John Hsiang
  1. Department of Spine Center, Swedish Neuroscience Institute, 550 17th Ave., Suite 500, Seattle, WA 98122, USA

Correspondence Address:
John Hsiang
Department of Spine Center, Swedish Neuroscience Institute, 550 17th Ave., Suite 500, Seattle, WA 98122, USA


Copyright: © 2011 Hsiang J. This is an open-access article distributed under the terms of the Creative Commons Attribution License, which permits unrestricted use, distribution, and reproduction in any medium, provided the original author and source are credited.

How to cite this article: Hsiang J. Wrong-level surgery: A unique problem in spine surgery. Surg Neurol Int 19-Apr-2011;2:47

How to cite this URL: Hsiang J. Wrong-level surgery: A unique problem in spine surgery. Surg Neurol Int 19-Apr-2011;2:47. Available from:

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Background:Even though a lot of effort has gone into preventing operating at the wrong site and wrong patient, wrong-level surgery is a unique problem in spine surgery.

Methods:The current method to prevent wrong level spine surgery performed is mainly relied on intra-operative X-ray. Unfortunately, because of the unique features and anatomy of the spinal column, wrong level spine surgery still happens. There are situations that even with intraoperative X-ray, correct level still cannot be reliably identified.

Results:Examples of patient whose surgery can easily be performed on the wrong level are illustrated. A protocol to prevent wrong-level spine surgery preformed is developed.

Conclusion:The consequence of wrong-level spine surgery not only generates another surgery of the intended level; it is usually also associated with lawsuit. Strictly following this protocol can prevent wrong-level spine surgery.

Keywords: Spine surgery, wrong-level surgery, wrong-sided surgery


According to one medicolegal study regarding wrong-level spine surgery, 99% of cases ended up in litigation. Even though 54% of the cases are settled out of court, nonetheless they were associated with an indemnity ranging from $62,000 to $1,500,000.[ 2 ] To prevent this very costly, unintended mistake committed by the surgeon, a lot of effort has gone into preventing operating at the wrong site, wrong patient and wrong surgery through the Joint Commission's Universal protocol and other measures. Each hospital also has specific protocol to make sure the intended surgery is performed on the intended patient. However, according to a very recent published article about a systematic review of avoiding wrong site surgery, the conclusion was very discouraging. It said “There is no evidence to support the JC checklist, NASS checklist or other preventative measures with respect to their effectiveness in preventing a wrong site surgery. The overall strength of the evidence to establish the efficacy of preoperative measures including checklists for preventing wrong site surgery is very low.”[ 1 ] Because of the unique anatomy of the spinal column, only spine surgery has the problem of wrong-level surgery performed. The Sign Your Site initiative or Pause Before Making Incision policy may prevent wrong site surgery, but still cannot prevent wrong level spine surgery.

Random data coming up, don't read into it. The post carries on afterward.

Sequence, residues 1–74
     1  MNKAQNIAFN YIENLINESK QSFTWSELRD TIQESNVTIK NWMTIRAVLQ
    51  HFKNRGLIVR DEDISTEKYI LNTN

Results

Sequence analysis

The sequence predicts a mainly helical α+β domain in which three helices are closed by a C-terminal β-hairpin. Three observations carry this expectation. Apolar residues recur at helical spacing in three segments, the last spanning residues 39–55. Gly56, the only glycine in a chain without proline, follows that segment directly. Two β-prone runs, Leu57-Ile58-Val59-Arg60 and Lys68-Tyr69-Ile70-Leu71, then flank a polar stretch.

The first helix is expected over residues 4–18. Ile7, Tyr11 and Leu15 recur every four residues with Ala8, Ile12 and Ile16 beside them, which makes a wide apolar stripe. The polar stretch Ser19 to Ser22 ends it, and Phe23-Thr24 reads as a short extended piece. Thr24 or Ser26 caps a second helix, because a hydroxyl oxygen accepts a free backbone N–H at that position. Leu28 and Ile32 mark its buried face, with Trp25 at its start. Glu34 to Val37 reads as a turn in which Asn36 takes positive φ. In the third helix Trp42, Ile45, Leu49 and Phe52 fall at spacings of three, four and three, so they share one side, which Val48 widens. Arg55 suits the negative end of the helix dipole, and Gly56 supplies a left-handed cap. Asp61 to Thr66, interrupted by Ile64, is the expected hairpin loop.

The current method to prevent wrong-level spine surgery performed is by intra-operative X-ray which allows the surgeon to count the spine level one by one. Unfortunately, regardless of the above effort, wrong level spine surgery, albeit very uncommon, still happened.[ 5 ] There are some factors unique for spine surgery that can lead the surgeon to commit this error. These factors are as follows:

Adjacent spine levels that can look identical inside the surgical wound.

Congenital abnormal variant of spine anatomy in some patients such as four or six lumbar spines,[ 3 ] lumbarized sacrum, or congenital fusion of spinous processes.

Very abnormal spine anatomy or deformity such as scoliosis and osteoporosis making it difficult to count the correct level.

Adequate intra-operative X-rays are not possible in morbidly obese patients.

Poor X-ray quality due to the C-arm machine or the incompetence of the X-ray technician.

It is impossible to predict the many different possible ways in which an error will occur and even harder to predict the context or causative factors of each mistake. When unpredicted errors occur it may be difficult to build safeguards into a written protocol if the factors which caused or contributed to the error are unique to the case. Having said that, wrong level spine surgery caused by the above factors is avoidable if every spine surgeon tries his/her very best to prevent it to happen. Being compulsive to obtain a good quality X-ray so that the surgeon can reliably count the correct level is a must.[ 4 ] Knowing the congenital abnormal variant of spine anatomy of the patient based on the pre-operative imaging studies is also a prerequisite to preventing wrong-level surgery. However, there are still situations that the intended levels for surgery cannot be sure. This is especially common in the thoracic spine. Even though computer-assisted image guidance can help to reduce the risk of wrong level surgery,[ 6 ] this technology is not readily available in all hospitals, and it is not practical to apply to all spine surgeries.